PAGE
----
The 'Superman' in my game is more like Gladiator from Marvel comics in that his abilities are primarily Psionic in nature, with a limited amount of tech back-up. As such, his psi-abilities can be expanded on in different ways - adding both powers, special attack options and increasing the power level of the abilities as time goes on.
I also stipulated that his family line is descended (about six or seven generations) from a similarly powered hero, and the power level of the line has increased as time goes on.
But, most of this comes down to what kind of character you actually want to play. In my game it's not all about the power level. There is story content, mystery, new worlds to explore (my campaign is similar to a cross between Legion of SuperHeroes and Green Lantern Corps) and, of course, super villain challenges. The latest is a Parasite-like character who converts the energy he absorbs into specific powers - one being super strength (STR 16).
Does your brother have a specific 'niche' he wants to fill, or does he just want to be a Superman-type character? Do you have any specific background rules he needs to follow? Does he like a magical character (SHAZAM!) or more of a science character (Superman)? Is this a question of what powers? Or, are you looking for some kind of whole package superhero concept?
I'm partial to the Daxamite with a PowerRing, if he wants something a little over the top. Or, maybe a mystic that can summon the powers of ancient heroes such as Hercules, Thor, Jason or even someone folklore'ish like John Henry. With each new hero he 'discovers' he can forge a totem, or a tattoo, or whatever ... and be able to call on that hero's power (one at a time, of course).
You could go Modern Demi-God from a lost world, or even New God (ala Jack Kirby), my game is currently touching on the "Bards of New Genesis" - which are original ideas, not from the comics. He could easily create a Hunter from that world, seeking renegades who escaped from Apokolips and into the mortal world.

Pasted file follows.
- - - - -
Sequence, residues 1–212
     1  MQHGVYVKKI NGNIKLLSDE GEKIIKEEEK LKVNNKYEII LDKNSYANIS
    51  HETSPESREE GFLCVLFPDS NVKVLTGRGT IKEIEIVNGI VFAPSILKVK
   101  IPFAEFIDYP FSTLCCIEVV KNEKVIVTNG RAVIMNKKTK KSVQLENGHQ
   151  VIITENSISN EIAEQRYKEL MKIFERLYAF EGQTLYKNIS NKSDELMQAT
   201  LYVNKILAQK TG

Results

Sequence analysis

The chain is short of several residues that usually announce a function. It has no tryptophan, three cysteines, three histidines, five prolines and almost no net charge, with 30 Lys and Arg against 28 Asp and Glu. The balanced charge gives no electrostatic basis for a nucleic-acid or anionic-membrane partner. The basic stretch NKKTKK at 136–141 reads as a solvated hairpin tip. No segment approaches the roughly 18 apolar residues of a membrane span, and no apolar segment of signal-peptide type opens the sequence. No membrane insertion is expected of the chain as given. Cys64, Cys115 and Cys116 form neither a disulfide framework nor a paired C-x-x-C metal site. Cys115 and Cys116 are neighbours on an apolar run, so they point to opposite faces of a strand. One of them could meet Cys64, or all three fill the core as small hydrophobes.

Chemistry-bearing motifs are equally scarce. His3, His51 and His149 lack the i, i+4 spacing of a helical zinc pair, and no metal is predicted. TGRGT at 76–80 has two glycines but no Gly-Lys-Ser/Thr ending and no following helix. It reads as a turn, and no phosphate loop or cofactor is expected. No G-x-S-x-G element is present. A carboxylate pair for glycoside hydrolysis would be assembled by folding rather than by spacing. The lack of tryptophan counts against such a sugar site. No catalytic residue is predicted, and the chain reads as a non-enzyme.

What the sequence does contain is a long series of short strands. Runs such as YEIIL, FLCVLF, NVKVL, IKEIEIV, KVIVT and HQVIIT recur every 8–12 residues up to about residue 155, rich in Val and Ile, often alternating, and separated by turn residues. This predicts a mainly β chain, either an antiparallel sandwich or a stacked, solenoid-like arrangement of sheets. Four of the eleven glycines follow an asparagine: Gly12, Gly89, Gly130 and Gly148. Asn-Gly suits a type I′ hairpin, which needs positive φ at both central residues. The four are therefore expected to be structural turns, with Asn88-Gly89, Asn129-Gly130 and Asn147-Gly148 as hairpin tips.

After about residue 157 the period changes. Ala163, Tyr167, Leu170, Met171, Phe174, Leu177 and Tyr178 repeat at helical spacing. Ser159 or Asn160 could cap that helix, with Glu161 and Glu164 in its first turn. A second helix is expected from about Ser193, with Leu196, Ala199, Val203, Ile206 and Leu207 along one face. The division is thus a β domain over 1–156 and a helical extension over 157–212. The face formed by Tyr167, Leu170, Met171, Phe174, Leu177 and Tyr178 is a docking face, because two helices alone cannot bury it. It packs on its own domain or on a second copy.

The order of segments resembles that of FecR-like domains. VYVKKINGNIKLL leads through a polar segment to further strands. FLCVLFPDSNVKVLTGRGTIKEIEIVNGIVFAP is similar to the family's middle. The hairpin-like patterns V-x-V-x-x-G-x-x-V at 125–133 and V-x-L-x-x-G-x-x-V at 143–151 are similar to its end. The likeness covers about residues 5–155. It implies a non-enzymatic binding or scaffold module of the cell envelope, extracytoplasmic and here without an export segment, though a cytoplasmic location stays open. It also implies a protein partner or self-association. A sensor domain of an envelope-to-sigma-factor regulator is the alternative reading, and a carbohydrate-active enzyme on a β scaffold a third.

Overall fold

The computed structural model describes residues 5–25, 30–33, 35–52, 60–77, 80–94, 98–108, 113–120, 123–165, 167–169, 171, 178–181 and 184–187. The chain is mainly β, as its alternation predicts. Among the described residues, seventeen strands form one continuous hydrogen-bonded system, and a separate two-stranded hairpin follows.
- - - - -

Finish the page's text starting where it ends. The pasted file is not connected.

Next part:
There are so many options, I think we'll need a little more to go on - unless one of the above ideas sounds good.
Improving the character without breaking the game is mostly about balance and story. You as the GM have to provide challenges that meet the power levels and abilities of the characters, while preserving the shared story you and your players are trying to create. The players need to understand the role playing aspect of the game, especially this game. It is written so broadly, with so many possiblities, it becomes very easy to disrupt if players don't respect the nature/background and themes set down for their characters in the game.
Initially, my players were all "blow the bad guys away" - until I set the premise that on this world, life is highly respected and that any death would be met with significant social sanction - even if it was justified. Even the GL rings still have the lethal force restrictions, as well as the yellow restrictions (I set the game a few thousand years in the past & in a different sector of space).
Another thing I've had to reiterate to the players is that their powers can easily kill people, even minions or villains, and that they need to decide what power level they will be using when they fight. There's also property damage and the political and social fallout of any actions. You can save the city as many times as you like, if you do it by smashing the church, day care center, and messing up the water & plumbing for three weeks - there will be problems.
So, both you and the players need to set reasonable controls. Balance characters with strengths and limitations that make sense. My "SuperBoy" character just discovered a few weaknesses - namely a metal that ignores just about every energy except gravity (force fields, Telekinesis, heat, lightning, etc. do nothing to it), and a major bad girl made a few bullets - and put one in his head (he's immortal, so once the bullet was removed, he was fine - but it stopped him cold). The player loved it & also discovered that he isn't immune to HypnoSpores either.
Guide your brother into making a hero that isn't invincible & that actually cares, not one who's just in it to punch the lights out of bad guys. Once the social conventions are solid in a game, it becomes much more interesting.